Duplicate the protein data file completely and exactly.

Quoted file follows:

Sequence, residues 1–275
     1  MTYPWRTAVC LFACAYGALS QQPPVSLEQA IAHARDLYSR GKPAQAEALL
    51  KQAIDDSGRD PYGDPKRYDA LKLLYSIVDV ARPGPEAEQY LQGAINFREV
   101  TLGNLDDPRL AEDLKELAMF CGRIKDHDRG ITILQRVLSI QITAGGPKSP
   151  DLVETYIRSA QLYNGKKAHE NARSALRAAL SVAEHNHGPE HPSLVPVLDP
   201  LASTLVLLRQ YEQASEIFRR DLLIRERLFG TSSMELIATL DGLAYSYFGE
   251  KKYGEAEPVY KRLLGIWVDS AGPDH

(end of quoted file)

Sequence, residues 1–275
     1  MTYPWRTAVC LFACAYGALS QQPPVSLEQA IAHARDLYSR GKPAQAEALL
    51  KQAIDDSGRD PYGDPKRYDA LKLLYSIVDV ARPGPEAEQY LQGAINFREV
   101  TLGNLDDPRL AEDLKELAMF CGRIKDHDRG ITILQRVLSI QITAGGPKSP
   151  DLVETYIRSA QLYNGKKAHE NARSALRAAL SVAEHNHGPE HPSLVPVLDP
   201  LASTLVLLRQ YEQASEIFRR DLLIRERLFG TSSMELIATL DGLAYSYFGE
   251  KKYGEAEPVY KRLLGIWVDS AGPDH